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Senate Democrats say they plan to mount a campaign of resistance against president-elect Trump’s cabinet appointees. Here’s a simple question for those Senate minority leaders: how will you resist Trump’s nominees, now that Harry Reid dumped the super-majority requirement for confirmation votes? Republicans and Democrats both called it the nuclear option, and Reid did it anyway. If you ever want to illustrate the meaning of, “Now the shoe is on the other foot,” you have a simple, telling example at hand.

So what do Democrats plan to do now? Will they sit on the potty while their Republican colleagues vote on Trump’s cabinet appointments? Or perhaps they’ll insist a super-majority is required again. When asked about the nuclear option, they might say, “Oh, we didn’t really mean it. We never thought that nuclear option was a good idea.”

If Democrats had demonstrated even a cupful of leadership ability, or even a little political perspicacity during the last eight years, they would not have lost their majority in the Senate to begin with. They managed to drop more than a dozen seats in three elections – 2010, 2012, and 2014 – then gained a couple in 2016. You have to travel a long way back in history to find a record that poor. Perhaps the Civil War? For comparison, Republicans lost only three seats in the Senate in November 1974, only three months after Watergate and Richard Nixon’s resignation. I wonder how Obama, Reid, and Pelosi might have celebrated when they passed the Affordable Care Act, if they had known what was about to happen to them.

Now we know what happened. They ruined their party, though they will not admit that to themselves or anyone else. The Affordable Care Act, and its manner of enactment, symbolized attitudes about governance that contradict every expectation about how American democracy works. Yes, the act itself assaults liberty and rationality, but even worse is the sense of smug triumph that accompanied its passage among Democrats. That is what made the day of the Democrats’ victory feel so bizarre. To add to the atmosphere of bewilderment on the Hill, someone scrawled plaintive words on a sheet, and hung the sign outside one of the Capitol’s windows.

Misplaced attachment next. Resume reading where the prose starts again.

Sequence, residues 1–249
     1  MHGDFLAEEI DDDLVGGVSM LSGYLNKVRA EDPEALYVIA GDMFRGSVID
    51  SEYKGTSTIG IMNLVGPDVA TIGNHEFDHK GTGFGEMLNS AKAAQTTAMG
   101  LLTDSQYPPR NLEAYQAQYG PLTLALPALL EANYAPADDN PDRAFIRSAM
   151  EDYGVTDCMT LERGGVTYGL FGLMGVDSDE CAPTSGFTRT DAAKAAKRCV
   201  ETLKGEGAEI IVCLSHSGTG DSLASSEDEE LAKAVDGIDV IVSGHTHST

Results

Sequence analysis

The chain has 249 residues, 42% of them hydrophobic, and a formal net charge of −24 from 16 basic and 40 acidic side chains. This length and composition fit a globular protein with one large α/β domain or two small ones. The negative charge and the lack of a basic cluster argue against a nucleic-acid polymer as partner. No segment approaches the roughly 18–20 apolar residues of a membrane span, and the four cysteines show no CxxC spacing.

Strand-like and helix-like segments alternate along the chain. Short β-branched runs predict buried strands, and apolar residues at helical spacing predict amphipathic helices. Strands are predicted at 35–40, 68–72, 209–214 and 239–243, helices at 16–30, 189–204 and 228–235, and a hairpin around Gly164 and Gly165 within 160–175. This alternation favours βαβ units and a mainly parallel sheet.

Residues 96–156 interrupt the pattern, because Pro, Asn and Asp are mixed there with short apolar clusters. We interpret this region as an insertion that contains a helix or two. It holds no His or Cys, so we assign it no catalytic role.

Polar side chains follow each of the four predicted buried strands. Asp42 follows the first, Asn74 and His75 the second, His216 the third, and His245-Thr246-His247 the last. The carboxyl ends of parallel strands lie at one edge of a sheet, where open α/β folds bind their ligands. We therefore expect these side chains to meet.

After twenty-five years of hyper-partisanship in Washington, Democratic leaders at last achieved what no one thought could happen: a partisan smackdown over an issue so consequential, with a bill so monumentally ill-conceived, people in and out of Washington could not quite believe federal policy making had come to this. In one long legislative campaign, American democracy had been Gruberized. Remember MIT professor Jonathan Gruber’s lesson for all of us: leaders who think so highly of themselves, turn out to be far more ignorant and foolish than the people they think they can fool. Gruber led the way, but all the Democratic leaders who fell in behind him suffered from the same pride.

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